Tim Cook, the CEO of Apple, would have hoped to deal with just two announcements this summer: the unveiling of the iPhone 7 and the rumoured launch of a new Apple Watch. But, last week the EU decided to add a third announcement to the tech giant's summer line-up: a retroactive €13 billion tax bill.
The European Commission said the bill was being sent to the company because, according to the Commission's investigation, it benefited from a quarter of a century of illegal state support from Irish authorities, who allowed Apple to operate at a tax rate of one per cent.
Michael Noonan, the Irish Minister for Finance, pointed out that EU treaties dictate that member states have sovereign control over tax policy, before accusing the Commission of trying to extend its influence "through the back door".
Tim Cook also hit back at the Commission in an interview with the Irish Independent, describing the decision of the competition overseers, rather more concisely, as "total political crap".
And Cook is right. The Commission is not acting in the interest of Irish taxpayers, nor is it attempting to preserve competition on the continent. The Commission is trying to give Berlin an upper-hand.
The German capital is the country's' tech hub, housing a number of smaller startups, such as the automotive company unu, and established names like SoundCloud and Uber. Germany has a lot riding on the future success of these techie entrepreneurs: sums like the €2.4 billion in venture capital earned by Berlin startups last year, the thousands of jobs created by the cities' 2500 tech startups and the tax returns those jobs yield.
Yet, Berlin's startup superstars are still lagging way behind their Silicon Valley counterparts. Only one German tech company, the software firm SAP, features among the top 25 tech firms on Forbes' Global 2000 list. US tech companies, on the other hand, dominate the list, with seven holding spots in the top ten. Translate this into finances, and you find that Silicon Valley is generating ten times more venture capital than Silicon Allee - as the Berlin tech-scene has been dubbed.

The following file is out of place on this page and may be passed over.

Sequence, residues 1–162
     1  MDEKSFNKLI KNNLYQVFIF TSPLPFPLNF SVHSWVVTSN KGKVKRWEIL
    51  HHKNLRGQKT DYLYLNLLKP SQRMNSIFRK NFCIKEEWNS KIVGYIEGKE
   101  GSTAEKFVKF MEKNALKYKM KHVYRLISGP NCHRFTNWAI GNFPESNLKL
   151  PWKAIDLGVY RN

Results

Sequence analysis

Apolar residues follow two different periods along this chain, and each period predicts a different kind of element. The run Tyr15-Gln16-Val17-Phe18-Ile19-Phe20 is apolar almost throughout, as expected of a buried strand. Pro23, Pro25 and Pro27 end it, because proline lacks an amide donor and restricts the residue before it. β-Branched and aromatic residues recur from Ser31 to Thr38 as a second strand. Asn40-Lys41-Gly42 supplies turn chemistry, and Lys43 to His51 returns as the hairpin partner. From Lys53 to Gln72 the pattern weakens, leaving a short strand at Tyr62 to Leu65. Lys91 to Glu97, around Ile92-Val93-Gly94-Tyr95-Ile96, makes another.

The picture is bleak for Berlin. It's being battered by tech firms from the States at the beginning of a wider economic showdown between the EU and the US. So, in the spirit of competition, the Commission is not encouraging Germany to adapt by, say, lowering taxation to the levels enjoyed in Silicon Valley - a move that would encourage expansion and investment. No, the Commission has instead opted to play the role of international taxman, taking money from Berlin's biggest US rival - in contravention of EU treaty rules - under the pretence of preserving a competitive environment on the continent.
But, if the Commission is really so concerned with preserving a level battlefield for businesses, how has Germany managed to get away with offering startups subsidies, such as cheap loans from the state bank? They've got off scot-free because the Commission doesn't care about fostering a competitive environment, it just wants to protect the EU's biggest economy from external innovation by deterring US investment. And that is precisely what their Apple tax bill will do.
However, it will not be Berlin or the bureaucrats of Brussels, but taxpayers across the rest of Europe, that will face the brunt of any backlash should the bill get past the appeals of Apple and Ireland. In an open-letter to Europe, Tim Cook said that, although Apple plans to continue investing in Ireland, future "investment and job creation" in Europe - where Apple claim they "create and sustain" some 1.5 million jobs - would be harmed by the Commission's ruling.
The Irish government now has to defend the interests of both its largest taxpayer and European workers in its dealings with the Commission. They should take the advice of Ryanair CEO Michael O'Leary: "Frankly the Irish government should turn around - they shouldn't even appeal the decision - they should just write a letter to Europe and tell them politely to f**k off."